Books · Sports

Soccernomics review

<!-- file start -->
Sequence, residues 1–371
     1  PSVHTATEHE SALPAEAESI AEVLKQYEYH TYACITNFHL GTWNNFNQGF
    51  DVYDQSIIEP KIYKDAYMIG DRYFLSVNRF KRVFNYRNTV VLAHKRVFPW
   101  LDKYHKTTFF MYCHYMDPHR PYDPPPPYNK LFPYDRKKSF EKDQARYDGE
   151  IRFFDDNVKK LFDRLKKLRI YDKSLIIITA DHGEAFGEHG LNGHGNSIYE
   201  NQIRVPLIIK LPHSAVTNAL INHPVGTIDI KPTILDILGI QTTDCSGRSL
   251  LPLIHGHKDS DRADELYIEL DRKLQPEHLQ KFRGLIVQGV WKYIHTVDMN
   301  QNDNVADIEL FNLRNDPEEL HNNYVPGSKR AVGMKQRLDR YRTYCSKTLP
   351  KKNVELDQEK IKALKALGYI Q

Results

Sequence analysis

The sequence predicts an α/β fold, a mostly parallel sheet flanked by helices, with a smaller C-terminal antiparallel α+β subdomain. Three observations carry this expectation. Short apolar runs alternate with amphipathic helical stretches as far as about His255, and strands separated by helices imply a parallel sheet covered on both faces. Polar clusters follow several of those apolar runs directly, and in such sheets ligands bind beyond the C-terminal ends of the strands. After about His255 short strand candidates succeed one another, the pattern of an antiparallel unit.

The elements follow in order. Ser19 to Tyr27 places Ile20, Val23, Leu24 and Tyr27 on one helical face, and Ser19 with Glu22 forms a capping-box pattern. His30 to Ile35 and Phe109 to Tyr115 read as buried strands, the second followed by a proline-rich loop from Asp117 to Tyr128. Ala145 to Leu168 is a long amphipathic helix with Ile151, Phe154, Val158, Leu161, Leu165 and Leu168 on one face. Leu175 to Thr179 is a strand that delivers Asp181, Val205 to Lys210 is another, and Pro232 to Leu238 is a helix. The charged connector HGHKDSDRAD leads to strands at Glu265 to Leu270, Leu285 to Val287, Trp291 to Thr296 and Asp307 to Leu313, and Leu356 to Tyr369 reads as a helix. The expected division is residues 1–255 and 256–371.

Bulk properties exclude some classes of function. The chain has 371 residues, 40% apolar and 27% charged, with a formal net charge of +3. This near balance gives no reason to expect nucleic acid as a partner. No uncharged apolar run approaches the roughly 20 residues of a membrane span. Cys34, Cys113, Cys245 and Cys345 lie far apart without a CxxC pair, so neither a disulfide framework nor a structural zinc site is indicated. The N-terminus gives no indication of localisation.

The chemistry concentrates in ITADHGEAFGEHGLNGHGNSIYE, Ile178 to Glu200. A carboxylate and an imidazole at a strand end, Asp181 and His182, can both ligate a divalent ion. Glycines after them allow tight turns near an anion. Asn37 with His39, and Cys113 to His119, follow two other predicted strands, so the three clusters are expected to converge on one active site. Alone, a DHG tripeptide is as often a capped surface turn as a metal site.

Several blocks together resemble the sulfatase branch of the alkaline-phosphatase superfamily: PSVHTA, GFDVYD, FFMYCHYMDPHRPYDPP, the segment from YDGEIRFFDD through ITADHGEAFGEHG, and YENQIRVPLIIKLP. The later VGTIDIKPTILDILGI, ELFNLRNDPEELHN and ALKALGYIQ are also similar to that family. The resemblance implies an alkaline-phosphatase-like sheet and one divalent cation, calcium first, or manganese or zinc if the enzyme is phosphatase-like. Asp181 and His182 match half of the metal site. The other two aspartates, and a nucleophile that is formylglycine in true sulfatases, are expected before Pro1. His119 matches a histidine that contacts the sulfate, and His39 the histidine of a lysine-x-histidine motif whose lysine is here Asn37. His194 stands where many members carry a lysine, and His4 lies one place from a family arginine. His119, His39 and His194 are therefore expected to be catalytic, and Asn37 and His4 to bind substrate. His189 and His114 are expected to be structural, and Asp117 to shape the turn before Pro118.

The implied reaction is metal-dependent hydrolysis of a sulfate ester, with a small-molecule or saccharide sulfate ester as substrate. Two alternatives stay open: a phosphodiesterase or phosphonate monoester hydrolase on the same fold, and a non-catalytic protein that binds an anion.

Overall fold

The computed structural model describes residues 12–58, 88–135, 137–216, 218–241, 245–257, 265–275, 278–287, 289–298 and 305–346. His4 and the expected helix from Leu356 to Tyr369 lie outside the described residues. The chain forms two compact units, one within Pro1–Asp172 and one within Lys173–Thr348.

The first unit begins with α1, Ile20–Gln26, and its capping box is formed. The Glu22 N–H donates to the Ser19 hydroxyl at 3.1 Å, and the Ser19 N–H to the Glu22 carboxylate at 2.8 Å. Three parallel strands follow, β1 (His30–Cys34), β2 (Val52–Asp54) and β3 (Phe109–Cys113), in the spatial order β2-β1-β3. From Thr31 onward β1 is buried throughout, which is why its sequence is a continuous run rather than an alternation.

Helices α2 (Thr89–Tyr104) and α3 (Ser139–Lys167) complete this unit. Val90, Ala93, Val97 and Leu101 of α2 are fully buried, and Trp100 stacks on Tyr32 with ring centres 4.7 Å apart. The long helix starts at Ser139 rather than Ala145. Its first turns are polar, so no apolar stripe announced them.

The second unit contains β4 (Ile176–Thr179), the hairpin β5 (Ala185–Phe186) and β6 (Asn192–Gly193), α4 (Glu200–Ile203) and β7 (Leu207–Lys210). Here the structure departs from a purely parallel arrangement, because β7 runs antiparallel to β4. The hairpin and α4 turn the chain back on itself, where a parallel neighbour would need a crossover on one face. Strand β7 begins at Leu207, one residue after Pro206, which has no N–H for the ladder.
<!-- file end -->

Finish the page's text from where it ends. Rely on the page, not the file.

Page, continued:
The “nomics” in the title tells you what the book is about- soccer (football) and the use of statistical data to examine and explain issues. It’s a good and interesting read, shedding the light on issues from racism against black players to how clubs are the worst businesses to why the best European clubs are not in capital cities, Madrid excepted and that’s mainly because of its totalitarian past under dictator France. Football fans will definitely come away much more educated, learning about how 21st century French giants Olympic Lyon became successful and why big foreign signings don’t always succeed. Likewise, casual fans or readers can learn that football doesn’t actually drive people to suicide when their countries do badly and the real reason why hosting the World Cup is good for countries. A slight wrinkle of the book is that at certain parts such as the final chapter where the authors determine who are the biggest over- and underachievers in world football, it gets way into statistics and less about football and readers might find themselves losing their way. But make no mistake, the authors have done hardcore research and number crunching, so they can be forgiven.


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